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Two more of Canada's biggest banks are reporting slowdowns in capital markets results for their first quarters, but are dealing with it in different ways.

Both Toronto-Dominion Bank and Royal Bank of Canada said Thursday morning that their capital markets units experienced significant declines in profit in the three months ended Jan. 31 -- a stretch that included very quiet markets in December. RBC responded by reducing variable compensation. TD paid more in bonuses, but trimmed staff.

They join Bank of Montreal, which also reported a slowdown from last year. BMO has also cut staff slightly of late to cope.

TD reported that net income in its investment banking and trading operations fell to $194-million from $235-million because of "reduced investment portfolio gains, lower equity trading on decreased client activity, and reduced revenue from equity underwriting due to industry wide volume decline as compared to the first quarter last year. Partially offsetting these decreases were improved fixed income and credit trading due to strong client flow and increasing asset values as compared to the same quarter last year."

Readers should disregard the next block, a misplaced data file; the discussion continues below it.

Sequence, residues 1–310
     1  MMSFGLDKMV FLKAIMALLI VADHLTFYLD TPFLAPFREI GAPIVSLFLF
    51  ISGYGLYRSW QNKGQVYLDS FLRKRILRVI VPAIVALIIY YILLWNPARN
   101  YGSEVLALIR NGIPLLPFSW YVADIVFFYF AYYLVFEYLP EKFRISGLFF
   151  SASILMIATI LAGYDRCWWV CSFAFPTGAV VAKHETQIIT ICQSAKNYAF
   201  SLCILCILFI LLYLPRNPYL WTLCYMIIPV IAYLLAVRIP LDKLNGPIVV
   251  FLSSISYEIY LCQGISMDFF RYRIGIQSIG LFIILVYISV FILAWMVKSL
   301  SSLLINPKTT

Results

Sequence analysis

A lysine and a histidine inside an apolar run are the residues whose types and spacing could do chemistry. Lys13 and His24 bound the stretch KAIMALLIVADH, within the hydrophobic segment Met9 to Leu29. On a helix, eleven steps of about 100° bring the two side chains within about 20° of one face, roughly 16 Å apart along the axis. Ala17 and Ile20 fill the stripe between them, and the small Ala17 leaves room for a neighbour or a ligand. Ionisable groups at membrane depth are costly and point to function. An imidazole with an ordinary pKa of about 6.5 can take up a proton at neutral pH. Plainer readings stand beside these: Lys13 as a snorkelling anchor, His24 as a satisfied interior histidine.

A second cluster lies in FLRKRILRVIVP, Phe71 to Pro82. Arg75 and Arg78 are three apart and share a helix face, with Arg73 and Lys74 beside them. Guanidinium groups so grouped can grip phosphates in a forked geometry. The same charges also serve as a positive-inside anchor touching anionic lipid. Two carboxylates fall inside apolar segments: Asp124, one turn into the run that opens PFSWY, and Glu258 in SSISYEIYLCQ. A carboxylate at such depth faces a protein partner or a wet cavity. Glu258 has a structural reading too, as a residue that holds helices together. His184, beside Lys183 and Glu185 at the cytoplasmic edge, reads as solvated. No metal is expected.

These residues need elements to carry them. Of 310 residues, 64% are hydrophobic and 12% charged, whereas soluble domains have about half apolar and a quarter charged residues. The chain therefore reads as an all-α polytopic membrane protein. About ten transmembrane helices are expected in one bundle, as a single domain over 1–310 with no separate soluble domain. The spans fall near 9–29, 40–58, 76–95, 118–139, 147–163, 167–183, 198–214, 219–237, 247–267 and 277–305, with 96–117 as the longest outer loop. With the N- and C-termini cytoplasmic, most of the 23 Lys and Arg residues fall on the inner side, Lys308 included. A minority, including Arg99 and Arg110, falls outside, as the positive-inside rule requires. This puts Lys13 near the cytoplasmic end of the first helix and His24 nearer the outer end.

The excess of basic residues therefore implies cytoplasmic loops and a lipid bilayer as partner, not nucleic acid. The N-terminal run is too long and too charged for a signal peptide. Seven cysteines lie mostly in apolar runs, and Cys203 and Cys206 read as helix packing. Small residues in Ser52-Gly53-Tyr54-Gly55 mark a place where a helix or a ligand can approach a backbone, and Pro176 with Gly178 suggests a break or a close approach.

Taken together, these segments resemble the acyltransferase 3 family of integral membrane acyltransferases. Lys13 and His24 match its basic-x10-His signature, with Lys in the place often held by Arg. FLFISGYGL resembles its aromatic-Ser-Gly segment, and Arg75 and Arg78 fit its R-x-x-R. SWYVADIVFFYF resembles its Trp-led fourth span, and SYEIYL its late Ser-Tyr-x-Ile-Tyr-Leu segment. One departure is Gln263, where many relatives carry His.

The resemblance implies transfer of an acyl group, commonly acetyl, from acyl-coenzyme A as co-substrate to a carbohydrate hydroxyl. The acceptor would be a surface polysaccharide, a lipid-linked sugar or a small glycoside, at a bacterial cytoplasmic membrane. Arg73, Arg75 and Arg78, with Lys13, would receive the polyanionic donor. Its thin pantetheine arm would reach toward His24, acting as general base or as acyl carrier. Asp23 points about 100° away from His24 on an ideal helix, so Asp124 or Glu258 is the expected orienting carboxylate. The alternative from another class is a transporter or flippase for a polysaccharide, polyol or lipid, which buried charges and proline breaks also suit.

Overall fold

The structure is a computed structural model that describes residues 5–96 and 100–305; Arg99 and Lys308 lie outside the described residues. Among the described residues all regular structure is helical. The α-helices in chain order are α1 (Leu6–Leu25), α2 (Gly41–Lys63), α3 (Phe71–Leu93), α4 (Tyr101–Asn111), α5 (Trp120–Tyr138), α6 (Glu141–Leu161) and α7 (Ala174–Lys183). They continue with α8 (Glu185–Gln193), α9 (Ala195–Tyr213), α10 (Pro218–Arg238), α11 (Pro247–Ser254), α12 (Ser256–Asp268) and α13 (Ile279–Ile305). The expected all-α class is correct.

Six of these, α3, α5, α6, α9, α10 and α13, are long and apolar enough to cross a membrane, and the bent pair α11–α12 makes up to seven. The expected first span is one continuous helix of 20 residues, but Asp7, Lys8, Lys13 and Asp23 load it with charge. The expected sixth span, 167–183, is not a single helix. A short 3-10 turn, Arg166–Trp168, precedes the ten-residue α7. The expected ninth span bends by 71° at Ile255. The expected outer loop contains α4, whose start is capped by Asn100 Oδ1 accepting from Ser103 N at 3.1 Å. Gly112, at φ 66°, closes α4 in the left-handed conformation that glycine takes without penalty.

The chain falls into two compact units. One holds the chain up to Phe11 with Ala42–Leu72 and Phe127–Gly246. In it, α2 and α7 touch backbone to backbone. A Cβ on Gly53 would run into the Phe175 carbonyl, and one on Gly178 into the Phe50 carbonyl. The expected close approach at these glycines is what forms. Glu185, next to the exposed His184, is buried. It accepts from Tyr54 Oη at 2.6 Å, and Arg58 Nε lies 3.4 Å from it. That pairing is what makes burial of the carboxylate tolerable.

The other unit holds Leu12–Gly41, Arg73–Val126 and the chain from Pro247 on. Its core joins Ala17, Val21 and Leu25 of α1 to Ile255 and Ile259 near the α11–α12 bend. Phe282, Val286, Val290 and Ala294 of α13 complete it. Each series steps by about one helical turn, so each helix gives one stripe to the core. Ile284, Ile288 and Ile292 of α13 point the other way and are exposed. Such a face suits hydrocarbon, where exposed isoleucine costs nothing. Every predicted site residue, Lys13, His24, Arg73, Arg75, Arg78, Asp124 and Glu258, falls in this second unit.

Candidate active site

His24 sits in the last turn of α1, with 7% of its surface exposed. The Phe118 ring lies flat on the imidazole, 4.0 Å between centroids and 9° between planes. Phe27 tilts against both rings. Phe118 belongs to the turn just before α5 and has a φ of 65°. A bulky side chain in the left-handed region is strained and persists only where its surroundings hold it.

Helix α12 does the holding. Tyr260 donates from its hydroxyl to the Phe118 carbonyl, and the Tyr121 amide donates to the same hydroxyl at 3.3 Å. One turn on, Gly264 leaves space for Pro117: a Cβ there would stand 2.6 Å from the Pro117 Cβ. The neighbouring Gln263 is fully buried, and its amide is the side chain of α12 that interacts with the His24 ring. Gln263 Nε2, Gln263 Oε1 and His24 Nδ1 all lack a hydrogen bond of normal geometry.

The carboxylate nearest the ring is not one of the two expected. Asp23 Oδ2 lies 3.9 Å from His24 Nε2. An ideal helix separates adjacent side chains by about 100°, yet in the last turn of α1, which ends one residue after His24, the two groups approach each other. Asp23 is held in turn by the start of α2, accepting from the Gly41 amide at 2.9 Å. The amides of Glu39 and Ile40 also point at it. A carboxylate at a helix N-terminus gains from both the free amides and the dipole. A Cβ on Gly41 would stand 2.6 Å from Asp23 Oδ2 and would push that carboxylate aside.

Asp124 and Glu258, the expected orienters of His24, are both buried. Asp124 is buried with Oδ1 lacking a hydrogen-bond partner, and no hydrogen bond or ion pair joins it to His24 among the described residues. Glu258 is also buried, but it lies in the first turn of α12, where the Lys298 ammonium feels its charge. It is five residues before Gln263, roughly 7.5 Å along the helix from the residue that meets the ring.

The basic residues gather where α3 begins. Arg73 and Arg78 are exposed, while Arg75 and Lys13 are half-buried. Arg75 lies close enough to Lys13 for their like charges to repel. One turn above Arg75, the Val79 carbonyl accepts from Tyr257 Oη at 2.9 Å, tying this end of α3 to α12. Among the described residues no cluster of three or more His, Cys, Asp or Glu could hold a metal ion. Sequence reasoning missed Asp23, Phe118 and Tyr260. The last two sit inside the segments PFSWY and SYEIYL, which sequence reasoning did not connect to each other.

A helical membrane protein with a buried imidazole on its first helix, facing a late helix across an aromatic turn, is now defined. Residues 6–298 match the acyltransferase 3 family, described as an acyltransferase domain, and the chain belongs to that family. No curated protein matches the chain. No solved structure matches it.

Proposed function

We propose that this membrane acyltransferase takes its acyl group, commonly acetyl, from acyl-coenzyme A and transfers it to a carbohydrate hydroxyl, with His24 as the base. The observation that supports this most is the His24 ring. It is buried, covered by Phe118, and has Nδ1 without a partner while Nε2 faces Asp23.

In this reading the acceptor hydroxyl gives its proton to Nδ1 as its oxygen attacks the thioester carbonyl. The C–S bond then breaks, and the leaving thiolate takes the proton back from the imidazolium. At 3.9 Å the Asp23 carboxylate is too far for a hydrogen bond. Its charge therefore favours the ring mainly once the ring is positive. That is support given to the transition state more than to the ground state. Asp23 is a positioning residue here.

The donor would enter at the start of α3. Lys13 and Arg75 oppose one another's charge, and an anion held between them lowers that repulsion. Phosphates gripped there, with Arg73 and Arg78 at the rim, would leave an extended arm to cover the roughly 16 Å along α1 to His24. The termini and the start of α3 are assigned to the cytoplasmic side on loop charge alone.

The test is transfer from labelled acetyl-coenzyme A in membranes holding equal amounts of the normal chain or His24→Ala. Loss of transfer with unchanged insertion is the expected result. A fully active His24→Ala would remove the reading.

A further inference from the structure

Net income at RBC's capital markets business dropped 30 per cent to $448-million as trading results declined along with the volume of deals. The bank's "global markets" revenue, which includes its trading business, dropped 16 per cent on lower trading revenue from both bonds and stocks. Investment banking revenue dropped 21 per cent to $146-million as companies slowed their issuance of new bonds and stocks, cutting RBC's underwriting fees.

TD trimmed its staff in the securities business, with the number of full-time staff dropping to 3,538 from 3,626 just three months prior. RBC doesn't break out staff numbers by division in its results.

RBC set aside less in pay for bankers and traders in the quarter, as the bank said that non-interest expense decreased $143-million or 13 per cent "largely due to decreased variable compensation on lower results." TD on the other hand reported an increase in bonus payouts that drove expenses in its capital markets business 2 per cent higher.

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